Where is Britain going with this whole Brexit thing? Even the experts can’t decide. This is one of many debates to come.
Although we complain a lot about UCL (“What do you mean there’s no entrance through here?!”) it undeniably provides us with plenty of events worth abandoning the library for. One of these was “Negotiating Brexit – Key Challenges Ahead”, organised by the UCL European Institute, which aimed to predict how this mess Britain got itself into could be dealt with.
The panel consisted of three speakers: Dr Amelia Hadfield (an expert on Common Security and Defence Policy), Jonathan Portes (a specialist in the area of immigration and labour market), Professor Piet Eeckhout (a lecturer at UCL specialising in EU law and trade), and a question master – Professor Nathaniel Copsey (an expert on EU-UK relations). Quentin Peel from Chatham House was chairing the discussion.
To begin with Mr Portes shed some light on the issue of migration. He stressed that free movement is mainly about the absence of obstacles in the workplace; currently all EU citizens automatically have the right to work and study in the UK, which could no longer be the case after Brexit. It seems to me that the government could have it both ways by reassuring Leave voters that free movement is no more, while at the same time handing out visas to pretty much everyone who needs them.
When it came to foreign and security policy Dr Hadfield saw three possible models of cooperation between the UK and the EU. If Britain was to be an integrated player then there would be some form of an “EU + 1” agreement with close cooperation, also at an institutional level. As an associated observer the UK would remain institutionally detached, although it would have a special status. The last model – a detached observer – is pretty straightforward: “we want none of your European security”.
Finally the issue of international trade. Even though no one really knows what trade will look like after Brexit (surprise!), some issues will be more problematic than others. Regulations seem to be doomed to cause the UK government quite a headache as most of the ones present in the UK trade have been created by the EU. There is also a question of all sorts of non-tariff barriers – licences, quotas, standards, administration – which will need to be agreed on. Look out for job offers from the government, there are going to be plenty!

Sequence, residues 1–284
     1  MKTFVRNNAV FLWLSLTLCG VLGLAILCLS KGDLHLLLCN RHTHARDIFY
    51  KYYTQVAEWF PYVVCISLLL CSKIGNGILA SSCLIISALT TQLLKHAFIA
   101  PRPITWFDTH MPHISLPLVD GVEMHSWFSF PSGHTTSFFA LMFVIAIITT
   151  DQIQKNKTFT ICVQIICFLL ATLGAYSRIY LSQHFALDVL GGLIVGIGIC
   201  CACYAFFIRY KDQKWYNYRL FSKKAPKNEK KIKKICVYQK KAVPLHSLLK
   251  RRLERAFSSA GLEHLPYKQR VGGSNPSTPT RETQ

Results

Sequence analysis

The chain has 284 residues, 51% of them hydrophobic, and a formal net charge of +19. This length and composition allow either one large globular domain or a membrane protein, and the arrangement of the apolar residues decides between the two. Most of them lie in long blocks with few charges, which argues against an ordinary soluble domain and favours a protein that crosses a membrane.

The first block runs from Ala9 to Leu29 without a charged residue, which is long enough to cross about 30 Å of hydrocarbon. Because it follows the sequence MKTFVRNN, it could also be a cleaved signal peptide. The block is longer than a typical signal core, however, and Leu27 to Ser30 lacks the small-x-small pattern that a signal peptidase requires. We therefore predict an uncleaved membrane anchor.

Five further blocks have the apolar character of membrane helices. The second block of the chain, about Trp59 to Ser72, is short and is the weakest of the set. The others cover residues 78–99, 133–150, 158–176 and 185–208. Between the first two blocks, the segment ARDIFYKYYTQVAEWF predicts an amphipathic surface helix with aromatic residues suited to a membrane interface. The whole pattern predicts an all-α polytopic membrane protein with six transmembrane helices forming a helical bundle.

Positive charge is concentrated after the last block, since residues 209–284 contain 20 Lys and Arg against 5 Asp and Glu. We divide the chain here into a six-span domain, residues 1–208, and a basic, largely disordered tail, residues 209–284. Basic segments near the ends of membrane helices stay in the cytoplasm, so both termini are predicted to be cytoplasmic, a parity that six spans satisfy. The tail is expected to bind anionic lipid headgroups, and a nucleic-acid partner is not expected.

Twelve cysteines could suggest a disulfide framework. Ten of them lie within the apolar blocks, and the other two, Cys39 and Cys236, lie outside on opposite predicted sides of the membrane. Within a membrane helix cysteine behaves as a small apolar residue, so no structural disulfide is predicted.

Most of the questions to the panel were asked by Professor Copsey, who is currently working for the Europe Directorate at the Foreign Commonwealth Office. Mr Peel tried his best to make him reveal at least the tiniest secret. Unfortunately, when asked whether he could hint at how the newly created UK institutions are approaching the question of future Brexit negotiations, Prof Copsey broke our hearts: “I could, but I won’t”.
Final questions from the audience focused on the status of Scotland and Northern Ireland. ‘Wexit’ was ruled out. And yes, there will have to be a border between Northern Ireland and Ireland, due to the control of goods. How is that going to work? Prof Copsey’s lips were sealed. His comparison of him being awarded the Jean Monnet Chair post (named after one of the fathers of the European integration) in 2013 to someone being given the title of the Hero of the Soviet Union in 1990 was entertaining, though.
Overall, we don’t know much – but there’s no reason to panic just yet. We still have exciting elections in Germany and France coming. Oh, and there’s always the United States. When asked if Canada had a problem with the U.S., Dr Hadfield (a Canadian herself) simply suggested: “Let’s reconvene after what I hope is not going to be a Trumpocalypse”.
See you on November 9 then.
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